After the jubilant opening of the Wanda Metropolitano, complete with fireworks display and a hard-earned three points, Atleti are on the road again. Next up, a trip to the Basque Country to meet Athletic Club at the San Mames Stadium.
Athletic Club are one of the founder members of La Liga, and one of only three teams never to have been relegated from the top tier. That stat is impressive enough, without taking into account the Bilbao side’s transfer policy; the team only fields players raised in the Basque Country. With a talent pool restricted to this area of Spain (and France), Athletic Club’s success and regular presence in the upper echelons of La Liga is a continuing surprise.
Another team to have moved from a cherished home in recent years, switching to the new San Mames after a century at the old one. Atleti will be hoping to adapt to new surroundings in the same way Los Leones did; since the move Bilbao has seen Champions League football and a victory in the Spanish Supercopa.
Much like our own Rojiblancos, Athletic Club have made a mixed start to this campaign. Victories over Girona and Eibar have been tempered somewhat by a draw with Getafe and a loss against Las Palmas. Athletic head into the game one point and one place below Los Colcheneros.
One to watch
If Athletic Club are an unlikely story, then 36 year-old Aritz Aduriz is a fine protagonist. Already a journeyman with Valladolid, Valencia and Mallorca on his CV, he returned to Athletic Club in 2012. No one predicted quite the impact Aduriz would make at San Mames. He’s been top scorer for Los Leones for the last five seasons, with some impressive stats in both domestic and European competitions.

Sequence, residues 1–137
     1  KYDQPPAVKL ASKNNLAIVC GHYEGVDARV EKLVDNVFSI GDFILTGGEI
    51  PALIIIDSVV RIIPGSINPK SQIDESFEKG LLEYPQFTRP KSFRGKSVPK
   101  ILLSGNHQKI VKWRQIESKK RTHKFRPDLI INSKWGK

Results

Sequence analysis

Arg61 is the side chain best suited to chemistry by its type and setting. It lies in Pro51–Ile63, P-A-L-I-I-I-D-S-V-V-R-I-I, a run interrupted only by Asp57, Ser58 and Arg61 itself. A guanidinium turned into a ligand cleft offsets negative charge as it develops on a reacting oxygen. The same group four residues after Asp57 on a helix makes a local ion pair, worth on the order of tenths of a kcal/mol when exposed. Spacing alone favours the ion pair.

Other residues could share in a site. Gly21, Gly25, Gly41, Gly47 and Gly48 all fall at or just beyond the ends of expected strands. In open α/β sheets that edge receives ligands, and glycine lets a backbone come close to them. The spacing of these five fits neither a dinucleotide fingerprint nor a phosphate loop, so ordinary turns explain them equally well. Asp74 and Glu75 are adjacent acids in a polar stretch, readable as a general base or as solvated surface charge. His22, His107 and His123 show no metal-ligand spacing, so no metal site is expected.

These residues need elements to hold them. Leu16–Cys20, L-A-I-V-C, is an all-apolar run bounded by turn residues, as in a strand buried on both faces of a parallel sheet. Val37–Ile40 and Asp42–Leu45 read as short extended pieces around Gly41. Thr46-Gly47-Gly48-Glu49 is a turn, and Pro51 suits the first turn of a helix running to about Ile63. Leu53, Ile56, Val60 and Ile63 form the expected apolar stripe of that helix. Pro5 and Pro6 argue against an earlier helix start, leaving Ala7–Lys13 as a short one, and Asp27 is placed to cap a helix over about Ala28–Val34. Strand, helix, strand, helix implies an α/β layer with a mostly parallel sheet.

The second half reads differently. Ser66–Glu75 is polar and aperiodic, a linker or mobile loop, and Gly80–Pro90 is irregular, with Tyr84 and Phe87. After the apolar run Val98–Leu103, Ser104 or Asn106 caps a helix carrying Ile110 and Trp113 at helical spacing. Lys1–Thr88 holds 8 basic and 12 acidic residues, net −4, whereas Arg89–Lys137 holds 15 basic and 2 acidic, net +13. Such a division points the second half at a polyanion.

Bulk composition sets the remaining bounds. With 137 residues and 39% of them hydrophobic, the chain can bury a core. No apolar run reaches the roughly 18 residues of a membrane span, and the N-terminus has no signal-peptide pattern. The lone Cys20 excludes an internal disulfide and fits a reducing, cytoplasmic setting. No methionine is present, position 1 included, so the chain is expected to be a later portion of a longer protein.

The 2015/16 season saw him notch 36 goals and become the Europa League’s top goalscorer, and earn a call up to the Spanish national side for Euro 2016.
This is an easy one: Athletic Club and Atletico literally share history. It’s thanks to Basque students in Madrid that Atleti were founded, initially as a branch of Athletic Bilbao. For the first 18 years of Atleti’s existence they were tied to their Basque parent club, before Athletic Madrid (as they were) became independent in 1921.
The clubs are the two most successful in Spain after Barca and Real, contesting numerous Copa del Rey finals across the decades. Their most recent high-profile meeting occurred in 2012, as both Rojiblancos, on the cusp of special periods in their histories, met in the Europa League final.
The two styles that would become so prominent across European football in the coming years were on show that evening. Simeone and Bielsa, both in their first season at the clubs, were still establishing their philosophies, Cholos hard-running, quick countering vs Bielsas hard-pressing passing game.
Cholismo won out that night, as Atleti were 3-0 winners thanks to a Radamel Falcao brace and a late strike from Diego. Atleti lifted their second Europa League trophy in three years, and despite the defeat Bielsa’s side had made their mark on the continent.
Fittingly, given the past connection, Athletic were the final team to meet Atleti at the Vicente Calderon. On an emotionally-charged afternoon in May, Atleti were 3-1 winners, as the stadium by the Manzanares was given a fine send off.